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Gibson's Christ vs. the HJ

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  • Mike Grondin
    Like everyone else, I suspect, I ve been reading the outpouring of commentary on Gibson s film from popular religious leaders with great interest. This past
    Message 1 of 2 , Mar 1, 2004
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      Like everyone else, I suspect, I've been reading the outpouring of
      commentary on Gibson's film from popular religious leaders with
      great interest. This past Saturday, the Detroit News featured side-
      by-side comments from four local religious leaders - Catholic,
      Protestant, Jewish, and Muslim. This was not, of course, intended to
      be a scientific sample, nor were these four men necessarily major
      leaders in their respective faiths. Rather, they were folks that the
      newspaper often turns to for commentary on religious matters -
      consultant "talking heads" as it were. In any case, the contrast
      between Christian and non-Christian views was striking. The two
      Christians focussed on the twin doctrines of universal guilt and
      universal atonement ("We all killed him and he died for all of us").
      The Catholic, for example, said that his initial reaction included
      "a sense of culpability". The Protestant was worse. He stated (and
      as Dave Barry often says, I am not making this up) "The emphasis of
      this film was Jesus' love for me."

      As opposed to this Christian emphasis on the Death Tradition and its
      attendant twin doctrines, the two non-Christians focussed on the
      Life Tradition. The Muslim commentator, for example, stated that
      "Collective guilt is not God's justice - we are all responsible
      for our own sins." (Although he had in mind Jewish collective guilt,
      the same remark would be applicable to the Christian doctrine of
      universal guilt still present today as a remnant of antiquity.)
      The Jewish commentator was by far the best, as far as I'm concerned.
      To my mind, he showed an understanding of the historical Jesus that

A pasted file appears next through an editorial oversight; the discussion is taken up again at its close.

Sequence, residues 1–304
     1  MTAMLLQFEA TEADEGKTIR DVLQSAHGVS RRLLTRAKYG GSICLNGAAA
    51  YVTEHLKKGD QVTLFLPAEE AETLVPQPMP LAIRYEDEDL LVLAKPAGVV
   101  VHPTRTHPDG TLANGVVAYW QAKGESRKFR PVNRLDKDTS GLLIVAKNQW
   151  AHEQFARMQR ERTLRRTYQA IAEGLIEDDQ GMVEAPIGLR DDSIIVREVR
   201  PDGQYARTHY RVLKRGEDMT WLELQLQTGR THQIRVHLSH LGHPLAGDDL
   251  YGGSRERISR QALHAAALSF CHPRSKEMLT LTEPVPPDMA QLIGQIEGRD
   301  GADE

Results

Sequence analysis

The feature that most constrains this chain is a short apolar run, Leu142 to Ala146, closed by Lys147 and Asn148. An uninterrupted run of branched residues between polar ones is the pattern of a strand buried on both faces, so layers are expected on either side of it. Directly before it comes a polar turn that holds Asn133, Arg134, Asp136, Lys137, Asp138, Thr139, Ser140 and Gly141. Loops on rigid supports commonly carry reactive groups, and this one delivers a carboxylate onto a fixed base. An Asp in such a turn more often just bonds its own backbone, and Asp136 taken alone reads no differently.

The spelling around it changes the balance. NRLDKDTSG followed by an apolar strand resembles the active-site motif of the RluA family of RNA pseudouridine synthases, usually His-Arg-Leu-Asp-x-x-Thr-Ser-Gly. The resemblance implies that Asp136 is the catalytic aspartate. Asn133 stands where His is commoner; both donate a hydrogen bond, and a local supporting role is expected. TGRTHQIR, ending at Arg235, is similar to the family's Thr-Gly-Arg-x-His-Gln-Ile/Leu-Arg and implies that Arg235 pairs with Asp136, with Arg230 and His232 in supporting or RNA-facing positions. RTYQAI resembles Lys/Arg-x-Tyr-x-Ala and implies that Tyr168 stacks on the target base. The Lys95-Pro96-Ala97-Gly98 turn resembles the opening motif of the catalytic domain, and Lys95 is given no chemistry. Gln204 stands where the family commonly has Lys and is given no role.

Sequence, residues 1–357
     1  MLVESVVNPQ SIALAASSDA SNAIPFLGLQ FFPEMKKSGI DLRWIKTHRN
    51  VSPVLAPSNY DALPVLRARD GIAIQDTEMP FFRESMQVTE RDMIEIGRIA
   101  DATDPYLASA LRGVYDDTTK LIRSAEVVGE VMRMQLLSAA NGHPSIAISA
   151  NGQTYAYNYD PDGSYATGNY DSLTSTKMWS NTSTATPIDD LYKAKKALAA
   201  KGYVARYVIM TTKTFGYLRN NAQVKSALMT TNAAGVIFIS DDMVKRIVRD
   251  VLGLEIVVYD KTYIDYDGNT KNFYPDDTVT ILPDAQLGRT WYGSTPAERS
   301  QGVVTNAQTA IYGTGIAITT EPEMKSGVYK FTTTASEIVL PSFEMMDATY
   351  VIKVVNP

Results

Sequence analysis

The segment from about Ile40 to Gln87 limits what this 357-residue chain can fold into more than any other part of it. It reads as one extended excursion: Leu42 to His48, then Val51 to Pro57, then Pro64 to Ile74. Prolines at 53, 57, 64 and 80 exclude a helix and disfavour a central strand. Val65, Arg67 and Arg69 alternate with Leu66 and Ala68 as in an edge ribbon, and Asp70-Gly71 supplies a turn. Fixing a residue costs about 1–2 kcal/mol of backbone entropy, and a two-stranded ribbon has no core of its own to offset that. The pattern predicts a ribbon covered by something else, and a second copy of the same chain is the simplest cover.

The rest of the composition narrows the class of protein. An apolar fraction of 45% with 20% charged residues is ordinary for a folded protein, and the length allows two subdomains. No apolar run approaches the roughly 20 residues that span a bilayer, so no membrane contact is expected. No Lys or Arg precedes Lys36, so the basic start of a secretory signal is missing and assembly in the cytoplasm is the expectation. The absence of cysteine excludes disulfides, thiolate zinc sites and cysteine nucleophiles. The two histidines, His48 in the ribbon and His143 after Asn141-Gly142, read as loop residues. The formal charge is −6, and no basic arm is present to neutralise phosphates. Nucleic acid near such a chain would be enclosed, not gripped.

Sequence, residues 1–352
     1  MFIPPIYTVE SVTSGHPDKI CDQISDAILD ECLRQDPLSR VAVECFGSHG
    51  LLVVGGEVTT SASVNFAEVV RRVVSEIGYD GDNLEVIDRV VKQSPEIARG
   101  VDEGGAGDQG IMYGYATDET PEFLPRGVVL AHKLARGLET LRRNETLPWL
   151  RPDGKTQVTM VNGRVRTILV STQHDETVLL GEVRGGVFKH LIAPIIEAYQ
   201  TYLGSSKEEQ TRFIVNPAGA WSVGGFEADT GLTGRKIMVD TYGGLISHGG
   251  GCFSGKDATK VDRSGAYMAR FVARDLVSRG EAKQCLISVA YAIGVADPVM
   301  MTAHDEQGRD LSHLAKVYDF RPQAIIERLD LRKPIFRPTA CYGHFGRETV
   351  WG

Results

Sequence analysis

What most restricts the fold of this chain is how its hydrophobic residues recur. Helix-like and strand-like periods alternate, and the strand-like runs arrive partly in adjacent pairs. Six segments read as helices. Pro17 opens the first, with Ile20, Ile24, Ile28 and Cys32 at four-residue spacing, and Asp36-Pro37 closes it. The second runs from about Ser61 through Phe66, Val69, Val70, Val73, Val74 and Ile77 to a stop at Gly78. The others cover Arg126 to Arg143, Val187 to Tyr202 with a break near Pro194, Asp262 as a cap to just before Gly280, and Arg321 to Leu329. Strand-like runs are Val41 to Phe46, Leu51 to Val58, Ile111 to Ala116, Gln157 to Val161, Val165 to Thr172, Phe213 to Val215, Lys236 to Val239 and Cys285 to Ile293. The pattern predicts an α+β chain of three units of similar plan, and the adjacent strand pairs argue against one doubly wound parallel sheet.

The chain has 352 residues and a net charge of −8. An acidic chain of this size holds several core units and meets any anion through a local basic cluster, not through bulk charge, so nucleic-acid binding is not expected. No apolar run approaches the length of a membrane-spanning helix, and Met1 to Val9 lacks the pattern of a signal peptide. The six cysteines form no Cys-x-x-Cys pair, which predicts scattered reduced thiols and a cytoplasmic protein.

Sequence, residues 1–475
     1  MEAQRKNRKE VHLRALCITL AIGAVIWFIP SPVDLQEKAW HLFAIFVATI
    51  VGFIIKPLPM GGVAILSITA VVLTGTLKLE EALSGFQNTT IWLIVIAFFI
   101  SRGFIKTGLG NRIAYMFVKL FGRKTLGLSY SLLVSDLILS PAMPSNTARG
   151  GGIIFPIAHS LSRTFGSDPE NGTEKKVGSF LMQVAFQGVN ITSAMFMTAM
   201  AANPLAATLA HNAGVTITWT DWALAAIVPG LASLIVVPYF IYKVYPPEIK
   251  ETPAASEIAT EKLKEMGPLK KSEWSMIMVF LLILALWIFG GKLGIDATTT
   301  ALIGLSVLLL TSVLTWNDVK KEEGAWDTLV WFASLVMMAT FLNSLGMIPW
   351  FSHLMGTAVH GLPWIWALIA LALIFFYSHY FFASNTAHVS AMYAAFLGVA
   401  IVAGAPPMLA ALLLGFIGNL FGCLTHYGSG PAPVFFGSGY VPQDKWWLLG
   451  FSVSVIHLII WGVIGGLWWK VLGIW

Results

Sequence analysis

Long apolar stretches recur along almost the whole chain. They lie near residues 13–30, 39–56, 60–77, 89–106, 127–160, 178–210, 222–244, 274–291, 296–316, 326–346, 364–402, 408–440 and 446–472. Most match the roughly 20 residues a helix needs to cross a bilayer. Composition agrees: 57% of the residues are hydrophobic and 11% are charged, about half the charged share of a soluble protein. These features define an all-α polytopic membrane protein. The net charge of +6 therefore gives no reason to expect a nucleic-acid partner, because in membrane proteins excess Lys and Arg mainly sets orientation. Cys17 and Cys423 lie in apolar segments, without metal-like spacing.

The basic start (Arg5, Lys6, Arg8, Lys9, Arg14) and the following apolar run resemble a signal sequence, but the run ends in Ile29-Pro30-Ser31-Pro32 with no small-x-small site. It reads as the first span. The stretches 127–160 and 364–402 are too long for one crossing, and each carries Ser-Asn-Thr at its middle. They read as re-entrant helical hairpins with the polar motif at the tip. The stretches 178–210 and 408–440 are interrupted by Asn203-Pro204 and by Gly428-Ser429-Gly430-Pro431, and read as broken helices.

puts popular non-scholarly Christian commentators to shame:

      "The life of Jesus is a story of kindness and compassion, of love
      for the poor and disadvantaged, a story of courage to fight the
      status quo and pay for those beliefs with one's life. That story
      is the one I wish Mel Gibson had made."
      (Rabbi Aaron Bergman, Director of Jewish Studies at the Jewish
      Academy of Metropolitan Detroit in West Bloomfield)

      Thank you, Rabbi Bergman. Me too.

      Mike Grondin
      Mt. Clemens, MI
    • Dr. Rikk E. Watts (Cantab)
      Thanks Mike, I hope you might be encouraged by the fact that this is how the people at my church¹s youth group saw it. Jesus fought the status quo not by
      Message 2 of 2 , Mar 1, 2004
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        Thanks Mike,

        I hope you might be encouraged by the fact that this is how the people at my
        church¹s youth group saw it. Jesus fought the status quo not by crusades,
        building walls, or launching a jihad but by absorbing the evil thrown at him
        and forgiving it. No doubt some/many Christians read it as per your
        theologians. But I can vouch for the fact that not all.

        Regards
        Rikk


        On 1/3/04 12:08 PM, "Mike Grondin" <mwgrondin@...> wrote:

        > "The life of Jesus is a story of kindness and compassion, of love
        > for the poor and disadvantaged, a story of courage to fight the
        > status quo and pay for those beliefs with one's life. That story
        > is the one I wish Mel Gibson had made."
        > (Rabbi Aaron Bergman, Director of Jewish Studies at the Jewish
        > Academy of Metropolitan Detroit in West Bloomfield)
        >
        > Thank you, Rabbi Bergman. Me too.
        >
        > Mike Grondin
        > Mt. Clemens, MI
        >
        >
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